Eventually Patroclus gets killed. Achilles is humiliated and regrets his actions. He vows to avenge Patroclus’ death. His humility causes him to fight to redeem himself, he returns back to the path of being a hero. These examples are only a few of the many that are in the Iliad, but they explain exactly what hubris
Creon was proud in the cause Eteocles was fighting for, however he despised that Polyneices fought against it. So he made a law that Polyneices could not receive his rightful burial as Greek law stated. Antigone would not accept this law, as she was proud of her brother, even though it damaged Creon’s pride. So Creon ordered her execution. Due to this showing of pride that abandons reason, Creon’s son killed himself.
Two examples are on page 24 and page 103. On page 24, Odysseus protests the chieftains to continue to fight the war and that it would be a shameful thing to leave the war. But Thersites protests Odysseus, who is the Greek war leader. So, Odysseus beats Thersites with a scepter. This shows Odysseus is honorable because even though it may seem abuse, it was the right thing to do.
In battle Hector killed Achilles´s best friend Pactorlos in battle. In grief Achilles wants to fight Hector for what he did. Hector has two choices, either to fight Achilles or hide behind the walls of Troy. Hector exclainms doubtedly “What shall I do? If I retreat behind these walls, … And now that I have ruined them all by my rashness, I am ashamed to face the men and women of Troy, or some base fellows may say-Hector thought too much of his own strength, and ruined us all!” (Homer 257) “Either I shall kill him and return in triumph, or I shall die with honour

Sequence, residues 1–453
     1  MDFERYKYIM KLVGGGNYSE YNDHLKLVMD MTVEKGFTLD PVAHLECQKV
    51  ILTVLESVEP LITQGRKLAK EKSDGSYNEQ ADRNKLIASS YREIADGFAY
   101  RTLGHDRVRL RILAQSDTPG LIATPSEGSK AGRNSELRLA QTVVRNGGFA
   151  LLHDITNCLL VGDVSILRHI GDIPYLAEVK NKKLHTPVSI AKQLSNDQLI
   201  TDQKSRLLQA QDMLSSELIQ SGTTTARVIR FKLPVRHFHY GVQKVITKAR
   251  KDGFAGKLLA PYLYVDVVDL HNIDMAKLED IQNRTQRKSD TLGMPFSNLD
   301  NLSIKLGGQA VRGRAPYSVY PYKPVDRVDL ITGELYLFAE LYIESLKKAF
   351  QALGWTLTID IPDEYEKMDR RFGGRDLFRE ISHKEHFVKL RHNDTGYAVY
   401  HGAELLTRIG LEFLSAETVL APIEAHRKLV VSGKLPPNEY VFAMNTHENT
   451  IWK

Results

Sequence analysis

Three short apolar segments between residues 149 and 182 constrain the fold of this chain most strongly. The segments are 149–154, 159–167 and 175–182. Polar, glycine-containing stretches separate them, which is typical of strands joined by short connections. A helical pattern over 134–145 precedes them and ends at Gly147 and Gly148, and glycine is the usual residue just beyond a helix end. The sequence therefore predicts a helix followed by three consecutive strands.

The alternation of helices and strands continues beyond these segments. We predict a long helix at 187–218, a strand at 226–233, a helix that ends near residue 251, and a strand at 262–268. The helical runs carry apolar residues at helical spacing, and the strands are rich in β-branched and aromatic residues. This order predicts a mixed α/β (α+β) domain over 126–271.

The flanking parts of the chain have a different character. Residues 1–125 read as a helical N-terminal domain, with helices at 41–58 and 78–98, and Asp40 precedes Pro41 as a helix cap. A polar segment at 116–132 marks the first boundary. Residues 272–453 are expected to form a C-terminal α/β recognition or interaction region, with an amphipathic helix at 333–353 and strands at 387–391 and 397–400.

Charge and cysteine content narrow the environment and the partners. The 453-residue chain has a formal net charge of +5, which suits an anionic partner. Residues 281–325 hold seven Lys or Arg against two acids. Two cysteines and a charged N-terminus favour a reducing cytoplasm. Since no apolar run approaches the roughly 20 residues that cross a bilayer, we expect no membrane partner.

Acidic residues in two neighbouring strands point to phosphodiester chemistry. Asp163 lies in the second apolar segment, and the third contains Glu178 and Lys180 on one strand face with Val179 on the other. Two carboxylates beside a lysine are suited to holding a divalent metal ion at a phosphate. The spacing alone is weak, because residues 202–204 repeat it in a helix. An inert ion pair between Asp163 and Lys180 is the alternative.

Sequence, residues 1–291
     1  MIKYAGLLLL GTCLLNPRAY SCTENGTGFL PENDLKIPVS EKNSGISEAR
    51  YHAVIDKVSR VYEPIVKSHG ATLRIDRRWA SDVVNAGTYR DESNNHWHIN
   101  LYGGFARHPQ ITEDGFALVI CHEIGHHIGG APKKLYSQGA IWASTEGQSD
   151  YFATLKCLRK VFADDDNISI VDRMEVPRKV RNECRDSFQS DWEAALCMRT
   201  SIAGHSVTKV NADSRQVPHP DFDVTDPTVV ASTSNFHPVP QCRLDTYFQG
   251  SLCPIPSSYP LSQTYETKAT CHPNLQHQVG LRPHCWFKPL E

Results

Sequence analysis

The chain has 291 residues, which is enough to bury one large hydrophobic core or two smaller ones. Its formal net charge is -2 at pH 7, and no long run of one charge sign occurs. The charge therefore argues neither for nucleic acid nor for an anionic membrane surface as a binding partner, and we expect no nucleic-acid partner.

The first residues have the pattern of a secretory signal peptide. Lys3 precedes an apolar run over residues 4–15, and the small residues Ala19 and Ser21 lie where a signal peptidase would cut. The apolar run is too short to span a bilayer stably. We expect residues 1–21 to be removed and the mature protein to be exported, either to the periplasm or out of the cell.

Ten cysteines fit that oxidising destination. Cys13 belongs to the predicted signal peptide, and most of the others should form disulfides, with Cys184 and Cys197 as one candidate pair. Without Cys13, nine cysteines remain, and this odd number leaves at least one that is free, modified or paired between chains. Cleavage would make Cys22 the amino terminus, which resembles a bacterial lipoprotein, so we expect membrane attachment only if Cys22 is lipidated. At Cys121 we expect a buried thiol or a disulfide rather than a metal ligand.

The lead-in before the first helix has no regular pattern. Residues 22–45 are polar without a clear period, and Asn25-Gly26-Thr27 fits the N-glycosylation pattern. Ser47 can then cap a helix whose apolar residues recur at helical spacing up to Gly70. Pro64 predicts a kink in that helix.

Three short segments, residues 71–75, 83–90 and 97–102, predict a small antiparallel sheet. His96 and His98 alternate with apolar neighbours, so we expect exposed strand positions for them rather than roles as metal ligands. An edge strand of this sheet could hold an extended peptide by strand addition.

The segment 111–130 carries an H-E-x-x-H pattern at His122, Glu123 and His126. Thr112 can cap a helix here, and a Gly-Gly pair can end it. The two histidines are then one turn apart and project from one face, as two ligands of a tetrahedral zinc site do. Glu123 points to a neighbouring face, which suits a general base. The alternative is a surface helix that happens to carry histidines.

Creon intends to bring peace to Thebes after the destructive war between Eteocles and Polyneices, stating that “Polyneices, who broke his exile… to spill the blood of his blood and sell his own people into slavery” (Sophocles 1.39-43) will not receive a proper Greek burial. Creon hopes that this strong demand will strengthen his power as a monarch trying to bring tranquility to the city; however, his means for carrying out the order became unnecessarily arrogant and brutal in terms, as burial is sacred to the ancient Greeks. Sophocles’ commentary about the delicate balance between intentions and actions was affirmed in the 1532 novel The Prince, where it is stated that “the ends justify the means” (Machiavelli). People can learn from the mistakes of Ancient Greek tragic heroes such as Creon, as they prove how being “true to type, true to life, and consistent” (Aristotle) can become negative if it supersedes how important the end necessarily is. These heroes teach society that actions are ultimately the most important factor in making decisions, as they are what consequently affect the